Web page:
Texas wild rice is an aquatic herbaceous perennial which can be found growing only in the cool, clear waters of the San Marcos River in Texas. This species was so abundant in the 1930's that the local irrigation company considered it difficult to keep this plant from clogging its ditches. In striking contrast, this species is now listed as federally endangered (USFWS 1978), with only a few populations known in the wild. A main cause of this decline is the fact that water has been pumped out of the Edwards Aquifer to supply water for agriculture, industry, and human use. This directly effects the spring flow of the San Marcos River, which this wild rice depends upon. Lowering of the river water levels is a major threat to the survival of this species.
Texas wild rice is related to commercially grown wild-rice, and therefore a potentially invaluable resource of hardy genetic stock.
This aquatic grass is found in the San Marcos River, forming large clones or masses of clones firmly rooted in shallow gravel beds near the middle of the river. This plant is adapted to and requires fast-flowing, high quality water at a constant year-round temperature. Critical habitat was designated in 1980. (WWF 1990; USFWS 1980)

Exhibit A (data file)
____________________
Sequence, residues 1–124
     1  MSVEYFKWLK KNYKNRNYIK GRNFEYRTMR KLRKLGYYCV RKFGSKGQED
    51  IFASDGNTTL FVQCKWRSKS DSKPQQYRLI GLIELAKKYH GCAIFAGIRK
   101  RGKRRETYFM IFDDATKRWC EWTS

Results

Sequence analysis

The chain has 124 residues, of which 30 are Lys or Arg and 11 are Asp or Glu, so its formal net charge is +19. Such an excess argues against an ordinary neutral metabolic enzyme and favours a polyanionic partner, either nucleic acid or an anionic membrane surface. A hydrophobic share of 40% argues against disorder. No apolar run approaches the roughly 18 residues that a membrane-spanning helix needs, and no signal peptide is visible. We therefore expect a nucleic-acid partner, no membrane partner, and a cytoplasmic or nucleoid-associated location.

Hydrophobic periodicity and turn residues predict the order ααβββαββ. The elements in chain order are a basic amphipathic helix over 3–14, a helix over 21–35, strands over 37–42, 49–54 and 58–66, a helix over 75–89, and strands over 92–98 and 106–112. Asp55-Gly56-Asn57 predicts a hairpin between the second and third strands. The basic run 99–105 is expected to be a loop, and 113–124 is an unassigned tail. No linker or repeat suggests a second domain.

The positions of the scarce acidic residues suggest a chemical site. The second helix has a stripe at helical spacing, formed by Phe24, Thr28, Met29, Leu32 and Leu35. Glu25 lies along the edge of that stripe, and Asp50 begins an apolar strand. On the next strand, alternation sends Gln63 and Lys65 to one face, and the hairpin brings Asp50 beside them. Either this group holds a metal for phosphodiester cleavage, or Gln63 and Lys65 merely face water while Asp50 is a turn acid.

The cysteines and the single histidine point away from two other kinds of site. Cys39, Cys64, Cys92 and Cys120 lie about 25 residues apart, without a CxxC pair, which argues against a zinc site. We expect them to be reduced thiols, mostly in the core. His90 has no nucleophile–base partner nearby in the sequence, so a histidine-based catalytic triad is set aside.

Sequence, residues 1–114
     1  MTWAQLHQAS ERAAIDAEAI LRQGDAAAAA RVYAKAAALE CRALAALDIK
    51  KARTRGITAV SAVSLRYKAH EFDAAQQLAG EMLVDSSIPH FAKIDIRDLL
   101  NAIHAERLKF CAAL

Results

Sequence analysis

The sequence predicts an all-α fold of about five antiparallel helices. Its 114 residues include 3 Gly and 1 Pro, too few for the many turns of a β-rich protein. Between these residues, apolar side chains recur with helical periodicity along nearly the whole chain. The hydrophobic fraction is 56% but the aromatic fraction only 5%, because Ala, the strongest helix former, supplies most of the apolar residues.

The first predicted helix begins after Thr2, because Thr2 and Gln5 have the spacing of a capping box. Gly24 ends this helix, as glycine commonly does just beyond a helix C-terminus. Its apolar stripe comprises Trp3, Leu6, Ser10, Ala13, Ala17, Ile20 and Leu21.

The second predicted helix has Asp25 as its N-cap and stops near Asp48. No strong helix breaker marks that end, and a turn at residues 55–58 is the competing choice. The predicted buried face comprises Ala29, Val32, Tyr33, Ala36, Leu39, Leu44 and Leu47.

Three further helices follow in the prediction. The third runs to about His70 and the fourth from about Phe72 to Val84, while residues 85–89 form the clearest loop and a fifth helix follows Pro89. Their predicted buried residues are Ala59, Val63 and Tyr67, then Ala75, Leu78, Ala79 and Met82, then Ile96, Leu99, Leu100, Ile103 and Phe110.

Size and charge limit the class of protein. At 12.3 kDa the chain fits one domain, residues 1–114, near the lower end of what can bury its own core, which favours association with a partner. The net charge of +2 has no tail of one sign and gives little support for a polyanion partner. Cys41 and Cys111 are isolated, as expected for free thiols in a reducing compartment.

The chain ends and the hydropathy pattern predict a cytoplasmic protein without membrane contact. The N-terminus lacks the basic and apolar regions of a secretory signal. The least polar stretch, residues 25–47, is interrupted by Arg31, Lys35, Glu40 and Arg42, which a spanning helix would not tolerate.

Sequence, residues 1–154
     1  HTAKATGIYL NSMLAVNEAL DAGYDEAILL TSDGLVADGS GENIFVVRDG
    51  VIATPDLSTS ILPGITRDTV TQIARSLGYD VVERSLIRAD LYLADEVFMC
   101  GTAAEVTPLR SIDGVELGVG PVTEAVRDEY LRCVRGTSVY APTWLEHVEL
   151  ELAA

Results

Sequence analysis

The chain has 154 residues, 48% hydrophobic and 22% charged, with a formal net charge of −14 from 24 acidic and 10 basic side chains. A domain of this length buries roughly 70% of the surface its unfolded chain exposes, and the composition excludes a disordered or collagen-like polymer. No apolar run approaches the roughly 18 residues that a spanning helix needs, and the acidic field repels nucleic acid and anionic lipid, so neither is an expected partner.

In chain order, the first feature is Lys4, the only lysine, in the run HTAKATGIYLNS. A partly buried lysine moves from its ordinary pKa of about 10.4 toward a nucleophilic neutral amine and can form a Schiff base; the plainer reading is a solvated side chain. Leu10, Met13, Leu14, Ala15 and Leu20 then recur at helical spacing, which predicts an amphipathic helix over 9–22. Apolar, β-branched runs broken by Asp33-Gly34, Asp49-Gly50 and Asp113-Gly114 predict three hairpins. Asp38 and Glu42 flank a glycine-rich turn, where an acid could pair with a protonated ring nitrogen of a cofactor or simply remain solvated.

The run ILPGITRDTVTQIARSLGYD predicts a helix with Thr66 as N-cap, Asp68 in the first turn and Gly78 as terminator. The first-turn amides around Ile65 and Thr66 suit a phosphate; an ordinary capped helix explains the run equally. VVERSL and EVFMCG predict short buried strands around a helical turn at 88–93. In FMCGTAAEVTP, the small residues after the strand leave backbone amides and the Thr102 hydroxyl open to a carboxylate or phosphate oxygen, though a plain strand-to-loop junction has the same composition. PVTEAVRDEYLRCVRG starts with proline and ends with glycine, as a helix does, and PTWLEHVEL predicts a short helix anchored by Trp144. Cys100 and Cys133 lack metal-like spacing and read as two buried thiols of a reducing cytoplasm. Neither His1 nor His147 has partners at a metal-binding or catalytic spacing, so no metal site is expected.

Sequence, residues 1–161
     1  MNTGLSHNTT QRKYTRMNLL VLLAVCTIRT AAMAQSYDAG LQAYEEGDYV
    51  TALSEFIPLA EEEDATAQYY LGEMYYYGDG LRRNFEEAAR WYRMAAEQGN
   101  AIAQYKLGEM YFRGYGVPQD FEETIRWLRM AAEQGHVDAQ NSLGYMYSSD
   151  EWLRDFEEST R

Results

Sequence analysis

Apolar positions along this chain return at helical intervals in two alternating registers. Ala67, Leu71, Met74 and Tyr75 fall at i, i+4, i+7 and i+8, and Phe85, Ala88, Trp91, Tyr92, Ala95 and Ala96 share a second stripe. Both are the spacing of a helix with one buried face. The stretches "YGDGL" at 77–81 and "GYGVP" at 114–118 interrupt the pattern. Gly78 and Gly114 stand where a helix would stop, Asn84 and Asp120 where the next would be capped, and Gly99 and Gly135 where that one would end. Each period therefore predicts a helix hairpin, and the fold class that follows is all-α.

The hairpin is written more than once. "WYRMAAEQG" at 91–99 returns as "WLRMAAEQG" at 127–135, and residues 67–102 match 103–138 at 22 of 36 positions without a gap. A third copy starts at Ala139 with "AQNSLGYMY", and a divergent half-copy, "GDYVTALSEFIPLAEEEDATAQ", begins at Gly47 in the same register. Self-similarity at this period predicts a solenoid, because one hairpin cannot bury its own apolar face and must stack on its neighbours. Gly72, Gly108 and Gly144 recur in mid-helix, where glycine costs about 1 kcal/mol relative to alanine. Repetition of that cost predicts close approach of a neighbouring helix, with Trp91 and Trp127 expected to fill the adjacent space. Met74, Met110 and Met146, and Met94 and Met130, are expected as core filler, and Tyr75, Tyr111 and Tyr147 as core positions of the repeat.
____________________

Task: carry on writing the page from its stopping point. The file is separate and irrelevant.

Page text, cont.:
Upper San Marcos River in Hays County, Texas
• 140 clumps in one unprotected population
• 100 plants introduced at Spring Lake, 90 surviving and doing well, starting inflorescence development
• population maintained on the Southwest Texas State University campus in an outdoor cement raceway
Current distribution of wild rice extends from the uppermost part of the San Marcos River just below Spring Lake dam and throughout the critical habitat down to an area slightly below the wastewater treatment plant, except for the river portion between the Rio Vista railroad bridge and the dam above Cheatham Street.
• Groundwater pumping of Edwards aquifer
• Pollution from vegetation management
• Stream modification by damming
• Recreation--including swimming and boating in and around the populations
• Nutria (aquatic rodents) eating stalks
Current Research Summary
Research has been conducted by the Department of Biology, Southwest Texas State University and The San Marcos National Fish Hatchery and Technology Center. Dr. Mike Antolin of Colorado State University in Fort Collins, Colorado has been doing studies on the genetics of the wild and captive populations at SWT and SMNFH&TC. Christina Walters and Darren Touchell at NSSL are working on cryopreservation techniques of Texas wild rice. (CPC Annual Report, 1998)
Current Management Summary
In 1998, Paula Powers reported that she was working in a collaborative restoration project with Dr. Robert Doyle, North Texas State University, Denton. This project involves identifying potential restoration sites and establishing methods for transplanting Texas wild rice into the San Marcos River.
Research Management Needs
• Response to disturbance
• Seed dispersal and seedling recruitment
• Genetic analysis
• Public education campaign
• Restore/maintain the historic flow of the San Marcos River
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